What a year!
What a year it has been, and many are grateful 2020 is behind us. Yet, while the calendar year may have changed, the marketing year is far from over.
There have been pricing opportunities we never could have imagined. It all started with a freak storm in Iowa last summer that left its mark on prime farm ground and destroyed what was looking to be an outstanding crop yield for some. Then it turned off dry in August, the most important month for bean production. That produced a late-summer rally that has not looked back and is still going.
We saw a low in August for March beans at $8.75 and this morning at the time of this writing, March beans are trading at $13.40. Seriously? Following losses in production here, South America was hit with La Niña creating dry conditions for its planting and production cycle. Weather, combined with China’s increased demand for feed as it built up its hog herd once again, has created a perfect storm for a surge in prices. No one seems to know where the top is.
This was a year when re-ownership on paper really paid off. And, for the first time in several years, storing grain has also paid off. What does all this mean, looking forward, and what about pricing next year’s crop?
Well, until more is known about the South America crop production and what they will export, prices are likely to stay supported in the near-term. In addition, new-crop prices should stay supported until more is known about what will be planted here, and what kind of start we can expect to see during our planting time frame. In past years, when La Niña occurred, we saw an increase in moisture levels into spring. For many areas, rain is needed. If you’ve looked at a drought map recently, you’ve seen an increased concern for dryness in the Plains that is bleeding into Iowa and Illinois.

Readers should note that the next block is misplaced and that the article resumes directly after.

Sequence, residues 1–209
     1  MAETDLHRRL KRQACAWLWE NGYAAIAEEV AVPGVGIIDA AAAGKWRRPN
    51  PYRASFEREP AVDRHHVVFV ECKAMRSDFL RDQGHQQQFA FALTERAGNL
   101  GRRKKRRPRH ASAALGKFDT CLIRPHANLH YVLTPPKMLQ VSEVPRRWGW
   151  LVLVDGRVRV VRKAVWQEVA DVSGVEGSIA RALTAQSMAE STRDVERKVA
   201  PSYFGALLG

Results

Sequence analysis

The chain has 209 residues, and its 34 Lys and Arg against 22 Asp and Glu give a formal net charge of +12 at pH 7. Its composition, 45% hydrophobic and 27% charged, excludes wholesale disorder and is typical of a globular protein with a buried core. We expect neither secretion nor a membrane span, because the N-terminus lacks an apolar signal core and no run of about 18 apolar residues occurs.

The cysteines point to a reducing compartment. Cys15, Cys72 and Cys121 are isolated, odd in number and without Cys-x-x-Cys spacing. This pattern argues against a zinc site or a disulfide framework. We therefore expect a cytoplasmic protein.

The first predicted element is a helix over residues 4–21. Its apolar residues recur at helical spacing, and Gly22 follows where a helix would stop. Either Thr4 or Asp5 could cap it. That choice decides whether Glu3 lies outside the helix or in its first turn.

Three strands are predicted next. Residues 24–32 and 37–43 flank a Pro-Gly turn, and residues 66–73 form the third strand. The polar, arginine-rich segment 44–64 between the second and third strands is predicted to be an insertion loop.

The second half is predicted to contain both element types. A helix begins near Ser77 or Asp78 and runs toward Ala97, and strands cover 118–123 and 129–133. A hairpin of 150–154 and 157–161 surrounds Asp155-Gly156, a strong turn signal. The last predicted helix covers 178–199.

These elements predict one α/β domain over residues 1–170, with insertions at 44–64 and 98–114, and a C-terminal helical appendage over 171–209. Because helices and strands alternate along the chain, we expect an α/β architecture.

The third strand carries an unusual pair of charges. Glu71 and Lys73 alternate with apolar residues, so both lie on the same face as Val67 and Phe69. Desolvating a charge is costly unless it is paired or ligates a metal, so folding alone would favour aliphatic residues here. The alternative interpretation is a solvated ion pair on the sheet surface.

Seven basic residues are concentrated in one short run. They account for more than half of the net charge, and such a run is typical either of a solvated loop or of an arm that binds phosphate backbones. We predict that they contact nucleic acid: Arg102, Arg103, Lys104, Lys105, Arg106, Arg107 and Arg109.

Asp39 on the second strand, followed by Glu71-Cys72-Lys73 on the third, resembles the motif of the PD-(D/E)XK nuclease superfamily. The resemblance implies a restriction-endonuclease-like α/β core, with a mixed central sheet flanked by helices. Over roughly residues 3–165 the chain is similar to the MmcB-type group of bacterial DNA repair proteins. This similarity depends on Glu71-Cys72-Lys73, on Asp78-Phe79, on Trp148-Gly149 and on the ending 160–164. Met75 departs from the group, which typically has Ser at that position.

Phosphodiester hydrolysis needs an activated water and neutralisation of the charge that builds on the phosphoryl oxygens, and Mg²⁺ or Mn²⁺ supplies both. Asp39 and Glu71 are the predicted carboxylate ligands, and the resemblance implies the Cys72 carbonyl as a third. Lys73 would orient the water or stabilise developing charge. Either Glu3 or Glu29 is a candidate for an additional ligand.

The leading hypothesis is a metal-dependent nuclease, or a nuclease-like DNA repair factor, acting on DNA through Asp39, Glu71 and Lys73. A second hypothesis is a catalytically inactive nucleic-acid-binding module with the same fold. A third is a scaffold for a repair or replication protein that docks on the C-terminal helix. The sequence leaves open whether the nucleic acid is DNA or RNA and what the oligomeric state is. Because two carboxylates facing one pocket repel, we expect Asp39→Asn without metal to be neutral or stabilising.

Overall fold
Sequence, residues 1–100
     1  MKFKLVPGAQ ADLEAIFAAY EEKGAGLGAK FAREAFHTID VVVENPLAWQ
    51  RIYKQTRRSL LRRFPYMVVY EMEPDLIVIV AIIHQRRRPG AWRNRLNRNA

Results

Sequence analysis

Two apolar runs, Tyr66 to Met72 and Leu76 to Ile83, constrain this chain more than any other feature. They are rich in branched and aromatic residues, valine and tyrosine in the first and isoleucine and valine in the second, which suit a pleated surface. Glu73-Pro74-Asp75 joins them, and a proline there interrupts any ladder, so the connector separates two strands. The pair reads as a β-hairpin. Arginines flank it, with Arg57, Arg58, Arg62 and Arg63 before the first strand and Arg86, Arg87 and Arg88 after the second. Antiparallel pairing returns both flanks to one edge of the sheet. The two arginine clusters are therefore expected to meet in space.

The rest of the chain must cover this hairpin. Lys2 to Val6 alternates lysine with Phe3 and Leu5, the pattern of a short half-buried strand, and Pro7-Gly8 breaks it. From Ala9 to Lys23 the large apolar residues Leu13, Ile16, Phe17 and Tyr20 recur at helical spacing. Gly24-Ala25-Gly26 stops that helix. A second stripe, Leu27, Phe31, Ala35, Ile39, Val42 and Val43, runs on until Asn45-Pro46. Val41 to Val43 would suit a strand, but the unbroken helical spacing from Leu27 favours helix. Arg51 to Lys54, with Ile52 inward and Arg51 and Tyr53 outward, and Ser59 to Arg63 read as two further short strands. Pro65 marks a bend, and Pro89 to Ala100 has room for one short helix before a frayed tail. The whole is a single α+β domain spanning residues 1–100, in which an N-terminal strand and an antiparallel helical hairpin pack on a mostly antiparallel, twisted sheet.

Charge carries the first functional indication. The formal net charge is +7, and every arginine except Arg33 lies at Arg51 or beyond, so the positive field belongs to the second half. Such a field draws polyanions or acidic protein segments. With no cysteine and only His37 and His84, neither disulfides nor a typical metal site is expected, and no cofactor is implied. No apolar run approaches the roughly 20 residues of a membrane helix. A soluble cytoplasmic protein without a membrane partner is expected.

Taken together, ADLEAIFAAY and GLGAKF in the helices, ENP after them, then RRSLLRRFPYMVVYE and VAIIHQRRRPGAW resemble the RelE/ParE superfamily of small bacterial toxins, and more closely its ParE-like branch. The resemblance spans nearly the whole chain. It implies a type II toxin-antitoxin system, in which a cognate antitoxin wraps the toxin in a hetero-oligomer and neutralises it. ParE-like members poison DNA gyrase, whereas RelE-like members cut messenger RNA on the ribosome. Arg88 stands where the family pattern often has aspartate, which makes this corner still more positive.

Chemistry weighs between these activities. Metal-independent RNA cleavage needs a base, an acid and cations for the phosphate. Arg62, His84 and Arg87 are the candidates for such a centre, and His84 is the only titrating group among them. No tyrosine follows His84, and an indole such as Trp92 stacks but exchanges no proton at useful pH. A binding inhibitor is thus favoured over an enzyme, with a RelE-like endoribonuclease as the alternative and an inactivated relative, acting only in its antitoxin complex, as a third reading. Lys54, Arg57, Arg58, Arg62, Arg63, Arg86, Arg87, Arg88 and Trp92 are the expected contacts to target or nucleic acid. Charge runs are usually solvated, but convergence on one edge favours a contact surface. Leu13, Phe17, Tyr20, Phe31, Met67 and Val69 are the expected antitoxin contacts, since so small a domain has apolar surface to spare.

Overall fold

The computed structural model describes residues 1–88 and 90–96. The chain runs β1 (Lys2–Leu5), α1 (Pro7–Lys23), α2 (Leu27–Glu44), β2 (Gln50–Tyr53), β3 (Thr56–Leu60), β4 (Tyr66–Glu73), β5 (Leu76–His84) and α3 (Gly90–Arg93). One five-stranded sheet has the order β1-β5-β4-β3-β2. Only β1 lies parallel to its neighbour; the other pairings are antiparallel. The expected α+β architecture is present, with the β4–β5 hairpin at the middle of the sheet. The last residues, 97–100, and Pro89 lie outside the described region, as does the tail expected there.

The other factor that has been affecting an increase in demand for our exports has been the drop in the U.S. dollar, making us far more competitive on the world stage.
All of these factors can change just as quickly as they arrived if the following occurs:
- South America’s production is greater than expected.
- We get off to a good planting season and plant more acres.
- The dollar bottoms and turns higher.
- Relations with China deteriorate, or they simply start buying from someone else.
You will still need a marketing plan, and try not to be a deer in in the headlights as you see these higher prices or assume new crop will have to reach levels old crop has. Look at your personal situation, and make sales where you can make a profit. Have calls in place for a summer rally and to give yourself the courage to forward price when the market hits your target. Have offers out at your elevator because with this type of volatility, prices could hit your target once and be done. The key is to not get complacent and think these prices are here to stay. Remember, it is a lot more fun to make sales as prices rally than to have to throw in the towel and make sales as they crash.
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